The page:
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Nizar to seek leave from Federal Court by this week (Updated 2.25pm)

Updated 2.25pm on 8 June 2009

PETALING JAYA, 8 June 2009: Datuk Seri Mohammad Nizar Jamaluddin hopes to file for leave from the Federal Court to appeal against the Court of Appeals’ judgement declaring rival Datuk Seri Dr Zambry Abdul Kadir as the lawful Perak menteri besar (MB) within the week.

The embattled MB won’t be applying for leave today as he had earlier hoped to. This is because his lawyers only received the written judgement from Court of Appeal judge Datuk Md Raus Shariff last Friday, 5 June, Nizar said yesterday on the sidelines of the PAS muktamar in Shah Alam which he attended.

One of his lawyers, Edmund Bon, today confirmed with The Nut Graph via text message that the application for leave would not be filed today.

Bon also clarified Nizar’s statement with The Nut Graph later that one written judgement by Raus was ready but not yet released. “It may have been written but it’s not yet sent or received by Nizar’s solicitor as yet,” Bon said.

Nizar said his lawyers would have to study the written judgement in order to formulate the grounds for appeal before being able to apply for leave from the Federal Court.

“We still hope to file as soon as possible,” he said.

Nizar last week said he would ask his lawyers to proceed with applying for leave today even without the written judgement. He said that Md Raus had not kept his promise to issue the judgement seven days after the Court of Appeals’ decision on 22 May. However, the written judgement was issued three days after the seven days.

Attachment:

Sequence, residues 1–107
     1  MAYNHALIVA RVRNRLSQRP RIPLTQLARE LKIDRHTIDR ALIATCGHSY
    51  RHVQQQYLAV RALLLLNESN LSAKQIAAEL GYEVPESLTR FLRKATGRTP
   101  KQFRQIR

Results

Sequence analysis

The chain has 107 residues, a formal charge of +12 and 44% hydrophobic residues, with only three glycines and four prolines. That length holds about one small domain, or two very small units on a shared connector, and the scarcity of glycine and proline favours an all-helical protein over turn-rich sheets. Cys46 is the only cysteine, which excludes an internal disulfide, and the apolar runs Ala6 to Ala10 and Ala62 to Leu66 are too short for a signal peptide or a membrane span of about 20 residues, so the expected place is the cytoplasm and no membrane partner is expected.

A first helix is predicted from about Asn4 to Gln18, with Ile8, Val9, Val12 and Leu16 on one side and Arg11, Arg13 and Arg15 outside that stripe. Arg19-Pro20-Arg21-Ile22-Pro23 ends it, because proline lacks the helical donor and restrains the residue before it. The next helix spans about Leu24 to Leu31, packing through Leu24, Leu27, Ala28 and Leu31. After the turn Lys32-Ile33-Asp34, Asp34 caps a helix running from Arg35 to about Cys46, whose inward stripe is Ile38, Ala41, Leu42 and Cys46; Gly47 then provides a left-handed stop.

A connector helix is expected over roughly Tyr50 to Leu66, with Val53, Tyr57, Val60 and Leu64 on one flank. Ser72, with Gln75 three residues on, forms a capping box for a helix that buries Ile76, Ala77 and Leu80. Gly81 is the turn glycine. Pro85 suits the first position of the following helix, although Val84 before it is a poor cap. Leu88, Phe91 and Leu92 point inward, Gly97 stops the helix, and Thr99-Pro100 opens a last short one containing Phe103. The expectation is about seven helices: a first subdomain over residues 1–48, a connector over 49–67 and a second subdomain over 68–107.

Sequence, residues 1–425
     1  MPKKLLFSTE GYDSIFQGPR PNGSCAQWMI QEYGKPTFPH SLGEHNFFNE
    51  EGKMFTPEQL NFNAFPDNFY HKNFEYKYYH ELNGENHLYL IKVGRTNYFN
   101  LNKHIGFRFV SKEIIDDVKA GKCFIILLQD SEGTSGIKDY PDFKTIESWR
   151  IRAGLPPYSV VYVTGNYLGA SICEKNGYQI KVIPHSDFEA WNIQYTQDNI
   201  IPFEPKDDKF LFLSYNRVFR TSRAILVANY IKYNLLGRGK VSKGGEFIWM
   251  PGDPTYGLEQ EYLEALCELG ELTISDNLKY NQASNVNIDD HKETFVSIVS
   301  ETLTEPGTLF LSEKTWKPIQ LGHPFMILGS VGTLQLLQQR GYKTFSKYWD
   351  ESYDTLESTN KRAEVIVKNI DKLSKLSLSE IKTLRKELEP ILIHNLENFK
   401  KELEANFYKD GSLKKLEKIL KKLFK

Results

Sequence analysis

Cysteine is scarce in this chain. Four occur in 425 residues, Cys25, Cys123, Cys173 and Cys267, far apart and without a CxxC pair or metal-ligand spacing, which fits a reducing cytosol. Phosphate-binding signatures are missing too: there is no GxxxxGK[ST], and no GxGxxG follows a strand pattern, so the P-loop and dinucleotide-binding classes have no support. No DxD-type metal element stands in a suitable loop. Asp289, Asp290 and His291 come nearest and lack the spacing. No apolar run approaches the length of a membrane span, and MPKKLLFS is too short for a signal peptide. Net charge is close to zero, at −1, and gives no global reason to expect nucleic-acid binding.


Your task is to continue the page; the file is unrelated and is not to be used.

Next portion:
After the Court of Appeals gave its oral judgement on 22 May, Nizar’s lawyer Sulaiman Abdullah had asked the court to expedite the written judgement so that the grounds of appeal could be formulated for the Federal Court to consider.

Cases moving from the Court of Appeals to the higher court do not get automatic right of appeal.

The three Court of Appeal judges on 22 May unanimously ruled that Perak Ruler Sultan Azlan Shah was right in finding that Nizar had lost the confidence of the majority of state legislators, and that a vote of no-confidence in the assembly was not necessary to determine this.

The appellate court set aside the judgement of the High Court on 11 May that Nizar was the legitimate MB, and that a no-confidence motion in the legislative assembly was the only way to decide if he had the majority’s confidence.

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